Lawyers are prone to creating “terms of art”, i.e. a phrase which has a specific meaning within a particular branch of law, distinct from its usage in ordinary English. In Patel (historic injustice; NIAA Part 5A) India  UKUT 351 (IAC), the Upper Tribunal defines the phrases “historic injustice” and “historical injustice”, creating two new terms of art to be used when considering immigration cases under Article 8 of the European Convention on Human Rights.
“Historic” vs “historical” injustices
The judgment opens with extracts from the Oxford English Dictionary, which defines “historic” as something famous or important from history and “historical” as referring to anything concerning the past. The Upper Tribunal builds on that to define a “historic injustice” as something which affects a class of persons and is generally recognised. Examples of this type of injustice include the treatment of some British Overseas citizens and the families of Gurkha ex-servicemen.
A “historical injustice” is something particular to the person: egregious Home Office delay in making a decision, for example, or failure to apply a policy to an application.
The distinction is significant because of the consequences for the person’s Article 8 claim. The effect of historic injustice is that the claim is almost certain to succeed. The Upper Tribunal stated:
The effects of historic injustice on the immigration position of the individual are likely to be profound, even determinative of success, provided that there is nothing materially adverse in their immigration history.
When someone establishes that they are merely a victim of historical injustice, the injustice is merely one of the factors to be considered.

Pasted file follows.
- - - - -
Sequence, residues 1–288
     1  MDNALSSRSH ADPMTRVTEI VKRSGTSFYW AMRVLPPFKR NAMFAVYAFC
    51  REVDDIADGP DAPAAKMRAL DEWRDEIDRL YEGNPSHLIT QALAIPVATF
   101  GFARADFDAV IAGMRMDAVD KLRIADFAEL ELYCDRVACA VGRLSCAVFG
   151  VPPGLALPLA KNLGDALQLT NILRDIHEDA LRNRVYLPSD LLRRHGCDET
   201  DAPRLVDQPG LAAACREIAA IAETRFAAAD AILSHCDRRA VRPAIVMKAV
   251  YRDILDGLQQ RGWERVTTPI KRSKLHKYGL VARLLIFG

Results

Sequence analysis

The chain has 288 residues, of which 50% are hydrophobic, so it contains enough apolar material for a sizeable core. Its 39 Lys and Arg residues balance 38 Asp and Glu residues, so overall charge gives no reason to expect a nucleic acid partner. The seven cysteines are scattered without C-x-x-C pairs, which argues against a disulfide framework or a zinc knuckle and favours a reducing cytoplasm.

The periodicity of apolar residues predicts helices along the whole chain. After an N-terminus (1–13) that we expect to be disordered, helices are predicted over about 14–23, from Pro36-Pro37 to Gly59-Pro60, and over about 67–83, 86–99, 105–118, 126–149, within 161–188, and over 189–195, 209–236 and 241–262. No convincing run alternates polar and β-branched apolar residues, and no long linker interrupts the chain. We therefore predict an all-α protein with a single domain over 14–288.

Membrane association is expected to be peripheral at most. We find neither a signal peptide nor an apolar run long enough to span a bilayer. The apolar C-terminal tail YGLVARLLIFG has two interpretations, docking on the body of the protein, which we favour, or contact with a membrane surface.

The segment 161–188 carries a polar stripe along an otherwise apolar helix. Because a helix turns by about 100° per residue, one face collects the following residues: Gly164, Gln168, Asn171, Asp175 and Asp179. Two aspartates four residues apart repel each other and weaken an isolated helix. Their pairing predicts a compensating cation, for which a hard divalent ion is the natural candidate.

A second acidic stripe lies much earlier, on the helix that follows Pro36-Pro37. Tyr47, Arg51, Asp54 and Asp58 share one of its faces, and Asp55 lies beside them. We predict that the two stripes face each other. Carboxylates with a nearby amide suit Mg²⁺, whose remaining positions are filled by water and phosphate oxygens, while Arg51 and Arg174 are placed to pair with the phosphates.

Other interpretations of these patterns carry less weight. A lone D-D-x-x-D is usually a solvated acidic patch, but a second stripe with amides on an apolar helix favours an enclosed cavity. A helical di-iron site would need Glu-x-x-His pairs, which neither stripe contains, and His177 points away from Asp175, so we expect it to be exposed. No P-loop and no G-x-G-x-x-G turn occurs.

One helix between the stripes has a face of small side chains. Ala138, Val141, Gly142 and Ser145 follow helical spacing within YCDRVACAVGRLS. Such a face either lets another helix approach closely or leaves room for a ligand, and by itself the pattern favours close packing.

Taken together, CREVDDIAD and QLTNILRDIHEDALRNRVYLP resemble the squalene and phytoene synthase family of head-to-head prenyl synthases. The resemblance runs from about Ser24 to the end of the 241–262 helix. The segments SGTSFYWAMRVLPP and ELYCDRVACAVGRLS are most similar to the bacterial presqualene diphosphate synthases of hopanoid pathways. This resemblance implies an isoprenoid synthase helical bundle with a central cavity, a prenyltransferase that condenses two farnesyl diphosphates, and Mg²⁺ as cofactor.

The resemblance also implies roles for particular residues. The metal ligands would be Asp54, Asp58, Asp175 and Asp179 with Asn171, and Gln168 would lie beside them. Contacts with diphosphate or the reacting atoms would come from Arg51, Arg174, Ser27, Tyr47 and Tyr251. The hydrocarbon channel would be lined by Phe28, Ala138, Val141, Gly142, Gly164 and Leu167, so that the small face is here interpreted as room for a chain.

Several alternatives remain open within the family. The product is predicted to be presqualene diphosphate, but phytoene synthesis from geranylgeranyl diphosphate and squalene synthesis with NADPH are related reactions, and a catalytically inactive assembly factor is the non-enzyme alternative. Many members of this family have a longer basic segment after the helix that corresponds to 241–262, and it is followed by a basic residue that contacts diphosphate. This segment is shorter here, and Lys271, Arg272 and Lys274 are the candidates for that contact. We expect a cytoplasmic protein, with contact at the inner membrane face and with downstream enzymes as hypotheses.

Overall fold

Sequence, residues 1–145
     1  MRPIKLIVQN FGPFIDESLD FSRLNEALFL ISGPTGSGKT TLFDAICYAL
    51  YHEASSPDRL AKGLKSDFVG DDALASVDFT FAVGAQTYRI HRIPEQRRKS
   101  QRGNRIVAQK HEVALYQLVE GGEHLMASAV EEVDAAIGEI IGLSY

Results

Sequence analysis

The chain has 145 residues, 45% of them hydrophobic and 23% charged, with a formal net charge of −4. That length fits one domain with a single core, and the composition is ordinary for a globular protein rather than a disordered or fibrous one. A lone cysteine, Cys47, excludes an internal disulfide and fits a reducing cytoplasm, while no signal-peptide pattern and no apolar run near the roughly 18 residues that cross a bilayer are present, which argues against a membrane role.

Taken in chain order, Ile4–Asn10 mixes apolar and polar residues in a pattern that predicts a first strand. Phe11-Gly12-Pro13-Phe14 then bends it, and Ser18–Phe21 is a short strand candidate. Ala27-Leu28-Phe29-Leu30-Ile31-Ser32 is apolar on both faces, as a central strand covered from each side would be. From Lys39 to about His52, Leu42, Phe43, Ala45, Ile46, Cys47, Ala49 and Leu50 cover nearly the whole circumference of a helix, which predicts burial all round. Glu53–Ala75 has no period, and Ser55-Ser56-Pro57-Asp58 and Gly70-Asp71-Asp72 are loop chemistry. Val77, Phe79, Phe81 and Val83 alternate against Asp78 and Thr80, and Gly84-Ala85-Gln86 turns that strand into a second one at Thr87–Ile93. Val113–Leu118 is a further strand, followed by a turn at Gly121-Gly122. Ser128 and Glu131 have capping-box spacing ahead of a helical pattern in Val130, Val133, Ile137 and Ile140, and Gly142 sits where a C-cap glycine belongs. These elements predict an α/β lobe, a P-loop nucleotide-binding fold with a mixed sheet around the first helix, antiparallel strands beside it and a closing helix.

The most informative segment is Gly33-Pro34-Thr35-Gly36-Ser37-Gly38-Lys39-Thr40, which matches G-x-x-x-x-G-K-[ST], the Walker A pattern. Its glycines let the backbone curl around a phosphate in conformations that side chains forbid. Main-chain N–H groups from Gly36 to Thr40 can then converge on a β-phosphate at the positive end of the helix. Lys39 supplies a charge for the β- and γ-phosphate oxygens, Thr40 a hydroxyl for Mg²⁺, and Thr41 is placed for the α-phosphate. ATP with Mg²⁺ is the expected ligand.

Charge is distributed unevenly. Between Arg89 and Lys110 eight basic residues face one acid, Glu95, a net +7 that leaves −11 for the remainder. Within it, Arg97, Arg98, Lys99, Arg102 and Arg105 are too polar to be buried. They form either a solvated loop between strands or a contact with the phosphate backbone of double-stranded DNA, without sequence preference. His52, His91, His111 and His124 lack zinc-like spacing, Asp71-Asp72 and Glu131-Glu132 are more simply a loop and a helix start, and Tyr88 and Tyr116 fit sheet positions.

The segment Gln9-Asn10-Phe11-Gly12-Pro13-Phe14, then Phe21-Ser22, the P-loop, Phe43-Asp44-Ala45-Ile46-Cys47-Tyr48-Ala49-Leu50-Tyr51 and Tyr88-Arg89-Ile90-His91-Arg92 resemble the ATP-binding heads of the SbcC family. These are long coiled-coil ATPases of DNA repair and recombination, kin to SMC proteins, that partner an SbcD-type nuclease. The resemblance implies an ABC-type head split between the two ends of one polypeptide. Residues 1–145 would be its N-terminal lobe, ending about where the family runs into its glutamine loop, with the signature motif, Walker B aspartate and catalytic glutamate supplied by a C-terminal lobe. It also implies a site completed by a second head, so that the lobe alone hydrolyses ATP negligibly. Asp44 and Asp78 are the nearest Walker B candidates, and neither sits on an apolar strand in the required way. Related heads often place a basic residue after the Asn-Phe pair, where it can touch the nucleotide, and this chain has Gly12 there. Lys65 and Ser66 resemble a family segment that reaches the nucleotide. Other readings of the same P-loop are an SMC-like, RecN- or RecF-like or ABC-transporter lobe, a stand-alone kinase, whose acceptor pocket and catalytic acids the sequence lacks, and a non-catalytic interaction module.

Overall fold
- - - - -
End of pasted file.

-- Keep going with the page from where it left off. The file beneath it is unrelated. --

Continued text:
Downside of a bright-line distinction
The purpose of the distinction appears to be to distinguish cases in which an injustice has occurred systematically to a group of people, from instances where injustice has occurred for an isolated reason to an individual. But it is unclear why that distinction should be so important in Article 8 claims, where the right that is being determined is held by an individual by virtue of being an individual rather than their membership of a group. The real issue should be the extent of the injustice: how badly did the Home Office behave, and how significant was the prejudice to the person concerned?
By focusing on the distinction between “historic” and “historical” injustice, there is a risk of decision-makers failing to notice that there will be some instances in which historical injustice is so bad as to be determinative of an Article 8 claim. For example, where Home Office mistakes lead to someone spending many years in the UK unlawfully through no fault of their own (a hypothetical but hardly unimaginable scenario).
Moreover, while the language used to label the two categories may conform with the dictionary, in ordinary English the terms “historic” and “historical” are often used interchangeably. The judgment even cites David Blunkett doing so when, as Home Secretary in 2002, he described the wrong done to British Overseas citizens as “historical”; the tribunal reckons that he meant “historic”.
This particular appeal did not concern injustice by the Home Office at all, but rather an employer who made a late decision not to continue sponsoring the appellant. The tribunal held that disappointments caused by an unhelpful employer are of minimal relevance when assessing Article 8 claims.
The guidance from the Upper Tribunal is clever, but might create more issues than it resolves.